Affordable Access

Publisher Website

Serologic Prevalence of Amoeba-Associated Microorganisms in Intensive Care Unit Pneumonia Patients

Public Library of Science
Publication Date
DOI: 10.1371/journal.pone.0058111
  • Research Article
  • Biology
  • Microbiology
  • Protozoology
  • Parastic Protozoans
  • Population Biology
  • Epidemiology
  • Infectious Disease Epidemiology
  • Medicine
  • Infectious Diseases
  • Bacterial Diseases
  • Bacterial Pneumonia
  • Legionellosis
  • Nosocomial Infections


Background Patients admitted to intensive care units are frequently exposed to pathogenic microorganisms present in their environment. Exposure to these microbes may lead to the development of hospital-acquired infections that complicate the illness and may be fatal. Amoeba-associated microorganisms (AAMs) are frequently isolated from hospital water networks and are reported to be associated to cases of community and hospital-acquired pneumonia. Methodology/Principal Findings We used a multiplexed immunofluorescence assay to test for the presence of antibodies against AAMs in sera of intensive care unit (ICU) pneumonia patients and compared to patients at the admission to the ICU (controls). Our results show that some AAMs may be more frequently detected in patients who had hospital-acquired pneumonia than in controls, whereas other AAMs are ubiquitously detected. However, ICU patients seem to exhibit increasing immune response to AAMs when the ICU stay is prolonged. Moreover, concomitant antibodies responses against seven different microorganisms (5 Rhizobiales, Balneatrix alpica, and Mimivirus) were observed in the serum of patients that had a prolonged ICU stay. Conclusions/Significance Our work partially confirms the results of previous studies, which show that ICU patients would be exposed to water amoeba-associated microorganisms, and provides information about the magnitude of AAM infection in ICU patients, especially patients that have a prolonged ICU stay. However, the incidence of this exposure on the development of pneumonia remains to assess.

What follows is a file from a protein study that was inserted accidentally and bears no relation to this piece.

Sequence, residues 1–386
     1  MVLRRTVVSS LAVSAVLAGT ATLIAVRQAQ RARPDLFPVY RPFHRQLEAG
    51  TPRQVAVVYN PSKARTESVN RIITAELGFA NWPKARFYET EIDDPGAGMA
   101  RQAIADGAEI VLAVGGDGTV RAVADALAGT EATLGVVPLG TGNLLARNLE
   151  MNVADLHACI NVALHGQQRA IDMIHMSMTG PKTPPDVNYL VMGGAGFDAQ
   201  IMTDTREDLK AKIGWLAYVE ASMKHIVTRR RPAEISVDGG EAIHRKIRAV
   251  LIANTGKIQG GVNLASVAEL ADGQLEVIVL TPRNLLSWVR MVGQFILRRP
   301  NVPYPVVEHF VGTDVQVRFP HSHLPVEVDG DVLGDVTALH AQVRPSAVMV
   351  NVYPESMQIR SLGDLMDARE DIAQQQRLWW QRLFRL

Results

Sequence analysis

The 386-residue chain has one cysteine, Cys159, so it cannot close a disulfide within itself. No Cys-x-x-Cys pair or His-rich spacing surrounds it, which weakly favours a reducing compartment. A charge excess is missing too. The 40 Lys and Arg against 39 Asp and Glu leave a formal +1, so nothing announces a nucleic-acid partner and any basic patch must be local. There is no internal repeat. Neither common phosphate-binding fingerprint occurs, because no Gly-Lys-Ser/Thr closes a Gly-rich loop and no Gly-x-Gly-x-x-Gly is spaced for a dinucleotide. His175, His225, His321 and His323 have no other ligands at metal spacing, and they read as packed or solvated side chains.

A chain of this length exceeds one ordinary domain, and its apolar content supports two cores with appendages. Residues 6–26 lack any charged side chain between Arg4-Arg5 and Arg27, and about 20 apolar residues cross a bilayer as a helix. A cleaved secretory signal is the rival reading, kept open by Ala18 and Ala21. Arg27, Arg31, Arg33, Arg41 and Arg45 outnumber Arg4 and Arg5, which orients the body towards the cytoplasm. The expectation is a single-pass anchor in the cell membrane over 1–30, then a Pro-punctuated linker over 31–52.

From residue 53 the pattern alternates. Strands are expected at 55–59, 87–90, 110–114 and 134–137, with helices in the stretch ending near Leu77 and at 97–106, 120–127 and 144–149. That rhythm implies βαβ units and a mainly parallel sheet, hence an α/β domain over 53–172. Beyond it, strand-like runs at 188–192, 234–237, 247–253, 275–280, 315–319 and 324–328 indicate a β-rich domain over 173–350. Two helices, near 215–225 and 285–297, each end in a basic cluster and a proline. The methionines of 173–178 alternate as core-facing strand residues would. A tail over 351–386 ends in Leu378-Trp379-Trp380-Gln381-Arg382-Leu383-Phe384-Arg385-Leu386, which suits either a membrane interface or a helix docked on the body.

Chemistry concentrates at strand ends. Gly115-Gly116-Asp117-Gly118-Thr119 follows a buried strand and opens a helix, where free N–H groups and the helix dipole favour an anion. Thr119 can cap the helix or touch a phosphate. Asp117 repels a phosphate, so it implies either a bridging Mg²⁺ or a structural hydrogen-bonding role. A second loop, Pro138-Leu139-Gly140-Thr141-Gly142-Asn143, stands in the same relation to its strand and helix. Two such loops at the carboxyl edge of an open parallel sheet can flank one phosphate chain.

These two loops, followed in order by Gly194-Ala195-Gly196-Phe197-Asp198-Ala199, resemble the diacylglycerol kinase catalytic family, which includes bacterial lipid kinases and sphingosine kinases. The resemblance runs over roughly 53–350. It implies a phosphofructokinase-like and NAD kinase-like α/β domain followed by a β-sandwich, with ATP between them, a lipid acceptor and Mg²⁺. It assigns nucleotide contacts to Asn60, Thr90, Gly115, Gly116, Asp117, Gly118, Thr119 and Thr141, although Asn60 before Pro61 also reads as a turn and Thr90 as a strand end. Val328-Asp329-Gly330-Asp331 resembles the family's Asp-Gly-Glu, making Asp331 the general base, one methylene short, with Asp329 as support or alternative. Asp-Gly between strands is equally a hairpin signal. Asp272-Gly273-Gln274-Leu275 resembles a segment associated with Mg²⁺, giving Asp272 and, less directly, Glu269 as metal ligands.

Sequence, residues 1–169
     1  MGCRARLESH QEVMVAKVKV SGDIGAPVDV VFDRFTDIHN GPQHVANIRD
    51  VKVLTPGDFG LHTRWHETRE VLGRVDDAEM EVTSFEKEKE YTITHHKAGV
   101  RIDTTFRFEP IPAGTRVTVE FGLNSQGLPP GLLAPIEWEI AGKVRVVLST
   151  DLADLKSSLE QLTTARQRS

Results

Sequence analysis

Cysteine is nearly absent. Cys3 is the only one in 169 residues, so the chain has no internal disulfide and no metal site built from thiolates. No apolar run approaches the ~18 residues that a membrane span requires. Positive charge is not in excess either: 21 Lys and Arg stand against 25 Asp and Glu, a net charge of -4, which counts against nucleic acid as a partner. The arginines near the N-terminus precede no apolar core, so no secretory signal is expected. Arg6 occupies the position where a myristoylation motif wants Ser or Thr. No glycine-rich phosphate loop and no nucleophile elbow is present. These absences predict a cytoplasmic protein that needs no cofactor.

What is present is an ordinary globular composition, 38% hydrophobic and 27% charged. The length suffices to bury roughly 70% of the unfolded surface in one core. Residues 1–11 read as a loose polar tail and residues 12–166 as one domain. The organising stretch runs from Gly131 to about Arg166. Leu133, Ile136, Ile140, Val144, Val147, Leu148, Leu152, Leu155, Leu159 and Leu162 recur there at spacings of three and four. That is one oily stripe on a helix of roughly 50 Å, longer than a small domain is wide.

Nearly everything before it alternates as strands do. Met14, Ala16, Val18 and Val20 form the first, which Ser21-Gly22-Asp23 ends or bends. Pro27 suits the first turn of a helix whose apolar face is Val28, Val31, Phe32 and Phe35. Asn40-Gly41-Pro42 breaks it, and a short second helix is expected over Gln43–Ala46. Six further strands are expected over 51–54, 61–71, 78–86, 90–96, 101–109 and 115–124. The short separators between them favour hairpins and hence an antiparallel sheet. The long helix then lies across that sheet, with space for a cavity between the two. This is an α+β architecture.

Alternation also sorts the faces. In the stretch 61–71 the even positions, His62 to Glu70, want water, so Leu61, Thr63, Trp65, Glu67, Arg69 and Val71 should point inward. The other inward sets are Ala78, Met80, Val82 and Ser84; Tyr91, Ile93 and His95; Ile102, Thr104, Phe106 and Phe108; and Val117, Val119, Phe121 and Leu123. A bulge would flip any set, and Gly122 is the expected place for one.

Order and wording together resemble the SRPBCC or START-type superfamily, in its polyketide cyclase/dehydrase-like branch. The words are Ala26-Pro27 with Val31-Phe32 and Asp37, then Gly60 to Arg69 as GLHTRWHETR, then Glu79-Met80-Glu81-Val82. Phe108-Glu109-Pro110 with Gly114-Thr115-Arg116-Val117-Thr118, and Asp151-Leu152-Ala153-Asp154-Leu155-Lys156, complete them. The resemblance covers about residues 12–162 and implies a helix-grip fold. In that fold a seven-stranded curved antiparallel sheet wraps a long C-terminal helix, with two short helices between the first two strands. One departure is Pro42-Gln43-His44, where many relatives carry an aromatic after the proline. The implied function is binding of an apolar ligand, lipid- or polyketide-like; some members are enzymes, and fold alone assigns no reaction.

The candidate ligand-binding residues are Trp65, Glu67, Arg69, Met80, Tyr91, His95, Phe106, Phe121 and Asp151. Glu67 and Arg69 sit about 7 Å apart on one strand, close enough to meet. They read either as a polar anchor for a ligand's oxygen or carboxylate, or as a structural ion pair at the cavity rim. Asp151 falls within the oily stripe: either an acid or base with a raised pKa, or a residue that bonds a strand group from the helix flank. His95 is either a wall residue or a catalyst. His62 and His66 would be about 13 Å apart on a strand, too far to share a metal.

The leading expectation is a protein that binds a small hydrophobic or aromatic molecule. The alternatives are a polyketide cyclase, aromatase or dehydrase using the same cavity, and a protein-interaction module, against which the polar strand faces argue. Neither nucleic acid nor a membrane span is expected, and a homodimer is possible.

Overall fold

There are no comments yet on this publication. Be the first to share your thoughts.